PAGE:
Diesel-driven generators and appliances running on batteries are only temporary solutions; batteries will quickly become hard currency. Shortage of energy will entail serious problems; you only have to look at your own home. Without running stoves and refrigerators, it suddenly becomes more difficult to cook and store food. Running water will become a memory of the past, which will entail serious problem especially in dry regions. The results will be bad hygiene and increased receptiveness to disease, and dying fields and gardens which no longer can be used for agricultural production. Communications will break down when there’s no electricity for television sets, radio receivers, and computers. If The Cataclysm occurs in winter, people may freeze to death en masse.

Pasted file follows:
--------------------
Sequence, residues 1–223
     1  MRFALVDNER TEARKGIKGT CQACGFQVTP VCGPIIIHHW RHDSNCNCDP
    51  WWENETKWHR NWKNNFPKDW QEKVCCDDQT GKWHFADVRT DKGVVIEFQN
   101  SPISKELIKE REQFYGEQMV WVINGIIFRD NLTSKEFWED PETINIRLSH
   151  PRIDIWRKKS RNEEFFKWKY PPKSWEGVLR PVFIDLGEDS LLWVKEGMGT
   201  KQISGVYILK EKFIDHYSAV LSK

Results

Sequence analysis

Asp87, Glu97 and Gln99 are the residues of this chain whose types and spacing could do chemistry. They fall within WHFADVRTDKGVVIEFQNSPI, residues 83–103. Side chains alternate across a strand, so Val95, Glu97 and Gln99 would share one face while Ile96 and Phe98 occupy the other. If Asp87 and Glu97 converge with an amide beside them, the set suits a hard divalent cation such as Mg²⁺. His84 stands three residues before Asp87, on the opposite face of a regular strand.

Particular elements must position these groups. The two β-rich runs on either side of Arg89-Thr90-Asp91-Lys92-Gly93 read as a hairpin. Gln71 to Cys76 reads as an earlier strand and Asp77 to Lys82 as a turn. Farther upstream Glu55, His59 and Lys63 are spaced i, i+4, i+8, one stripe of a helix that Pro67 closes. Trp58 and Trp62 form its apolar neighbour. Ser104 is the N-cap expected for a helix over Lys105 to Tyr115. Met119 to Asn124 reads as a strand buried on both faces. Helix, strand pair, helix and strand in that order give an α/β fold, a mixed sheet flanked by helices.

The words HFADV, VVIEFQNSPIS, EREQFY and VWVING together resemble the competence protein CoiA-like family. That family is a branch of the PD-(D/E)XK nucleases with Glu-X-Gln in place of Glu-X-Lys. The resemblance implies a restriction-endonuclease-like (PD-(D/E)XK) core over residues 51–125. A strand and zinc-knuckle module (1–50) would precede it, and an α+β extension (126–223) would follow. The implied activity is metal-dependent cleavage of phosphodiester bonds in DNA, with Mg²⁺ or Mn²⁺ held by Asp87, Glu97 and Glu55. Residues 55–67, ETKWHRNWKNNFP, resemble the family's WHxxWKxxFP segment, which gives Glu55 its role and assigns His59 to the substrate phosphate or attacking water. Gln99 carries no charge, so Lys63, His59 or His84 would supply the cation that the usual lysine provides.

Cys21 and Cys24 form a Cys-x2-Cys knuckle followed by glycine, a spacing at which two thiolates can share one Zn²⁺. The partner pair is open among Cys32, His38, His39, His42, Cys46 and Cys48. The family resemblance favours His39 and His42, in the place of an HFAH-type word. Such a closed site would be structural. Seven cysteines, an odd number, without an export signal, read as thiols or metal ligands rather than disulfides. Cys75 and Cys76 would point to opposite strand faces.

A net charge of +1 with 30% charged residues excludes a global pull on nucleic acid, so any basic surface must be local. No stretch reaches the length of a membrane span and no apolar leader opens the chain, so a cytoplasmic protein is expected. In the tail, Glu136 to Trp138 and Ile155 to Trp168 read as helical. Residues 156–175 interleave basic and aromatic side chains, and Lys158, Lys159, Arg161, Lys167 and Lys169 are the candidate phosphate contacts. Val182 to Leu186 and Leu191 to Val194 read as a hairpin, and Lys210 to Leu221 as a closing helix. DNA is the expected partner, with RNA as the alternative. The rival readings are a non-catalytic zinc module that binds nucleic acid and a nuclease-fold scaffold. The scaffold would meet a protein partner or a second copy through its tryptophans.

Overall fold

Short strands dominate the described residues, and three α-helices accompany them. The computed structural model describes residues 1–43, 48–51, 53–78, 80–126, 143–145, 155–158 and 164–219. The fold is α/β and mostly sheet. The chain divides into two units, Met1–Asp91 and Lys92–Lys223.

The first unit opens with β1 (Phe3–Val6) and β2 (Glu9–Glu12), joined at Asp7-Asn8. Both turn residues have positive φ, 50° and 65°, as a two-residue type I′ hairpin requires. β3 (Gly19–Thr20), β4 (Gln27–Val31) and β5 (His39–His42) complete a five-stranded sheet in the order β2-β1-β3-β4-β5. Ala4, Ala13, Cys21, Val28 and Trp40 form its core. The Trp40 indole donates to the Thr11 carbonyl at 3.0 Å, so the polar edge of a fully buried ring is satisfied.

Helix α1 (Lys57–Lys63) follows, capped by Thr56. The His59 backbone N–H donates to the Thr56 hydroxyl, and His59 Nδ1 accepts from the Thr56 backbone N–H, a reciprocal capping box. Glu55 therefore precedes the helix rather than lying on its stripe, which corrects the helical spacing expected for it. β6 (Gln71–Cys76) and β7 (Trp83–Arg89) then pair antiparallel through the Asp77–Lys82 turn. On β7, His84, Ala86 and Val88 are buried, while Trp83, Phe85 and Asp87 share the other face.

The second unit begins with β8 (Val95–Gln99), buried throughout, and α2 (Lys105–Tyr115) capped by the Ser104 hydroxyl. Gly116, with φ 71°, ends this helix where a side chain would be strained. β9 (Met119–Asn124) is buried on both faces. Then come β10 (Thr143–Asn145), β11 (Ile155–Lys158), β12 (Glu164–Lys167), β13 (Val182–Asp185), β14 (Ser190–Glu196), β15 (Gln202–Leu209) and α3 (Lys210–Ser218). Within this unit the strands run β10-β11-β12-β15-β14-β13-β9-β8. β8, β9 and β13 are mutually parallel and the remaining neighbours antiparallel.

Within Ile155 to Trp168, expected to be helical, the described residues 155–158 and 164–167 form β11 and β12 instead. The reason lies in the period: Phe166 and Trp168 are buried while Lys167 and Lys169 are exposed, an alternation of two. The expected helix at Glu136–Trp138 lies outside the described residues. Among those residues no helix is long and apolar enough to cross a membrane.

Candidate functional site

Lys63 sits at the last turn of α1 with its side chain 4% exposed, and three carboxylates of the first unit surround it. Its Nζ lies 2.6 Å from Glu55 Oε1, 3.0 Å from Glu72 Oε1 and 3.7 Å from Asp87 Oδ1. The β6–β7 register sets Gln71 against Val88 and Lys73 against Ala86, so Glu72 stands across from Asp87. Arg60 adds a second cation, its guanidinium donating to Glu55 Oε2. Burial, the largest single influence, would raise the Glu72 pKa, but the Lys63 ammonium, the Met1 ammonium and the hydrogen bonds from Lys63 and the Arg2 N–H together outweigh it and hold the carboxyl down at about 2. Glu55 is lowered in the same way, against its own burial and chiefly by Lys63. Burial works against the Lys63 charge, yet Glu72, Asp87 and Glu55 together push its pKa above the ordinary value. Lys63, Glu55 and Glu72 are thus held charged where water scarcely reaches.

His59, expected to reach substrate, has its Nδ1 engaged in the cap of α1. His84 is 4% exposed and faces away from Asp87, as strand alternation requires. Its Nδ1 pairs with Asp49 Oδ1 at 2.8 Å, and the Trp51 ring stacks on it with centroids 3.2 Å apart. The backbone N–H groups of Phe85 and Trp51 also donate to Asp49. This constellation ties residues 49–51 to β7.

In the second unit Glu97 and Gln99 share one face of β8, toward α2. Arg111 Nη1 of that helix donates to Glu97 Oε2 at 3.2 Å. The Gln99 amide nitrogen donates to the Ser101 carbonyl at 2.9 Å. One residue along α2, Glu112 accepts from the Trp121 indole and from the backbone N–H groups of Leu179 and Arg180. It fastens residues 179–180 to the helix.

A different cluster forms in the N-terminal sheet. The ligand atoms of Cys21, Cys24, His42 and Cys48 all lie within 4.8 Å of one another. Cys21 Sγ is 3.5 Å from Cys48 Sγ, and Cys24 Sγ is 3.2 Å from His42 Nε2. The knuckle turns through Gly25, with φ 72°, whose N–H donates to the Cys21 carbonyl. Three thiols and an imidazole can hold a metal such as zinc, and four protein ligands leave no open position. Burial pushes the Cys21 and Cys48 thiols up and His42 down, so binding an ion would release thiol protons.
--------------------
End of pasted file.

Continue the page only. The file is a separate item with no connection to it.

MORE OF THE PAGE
There’s a joker in the deck that’s easily forgotten, though: small-scale energy production. Today, energy production is regulated by governments and dominated by corporations, but if the development towards more eco-friendly societies continues, this may change. If The Cataclysm occurs a couple of decades into the future, private energy production in communities and even households may dampen the effects of failing power grids. This may sound slightly utopian, but already today, there are buildings with solar panels that basically are self-sufficient.
Initially, there will be a shortage of gasoline, but this will become an irrelevant issue after 10-20 years. By then most vehicles, generators and other machines will no longer work; metal will rust, rubber will dry, and so on. It won’t matter if technically skilled people take care of them, as spare parts sooner or later will become scarce.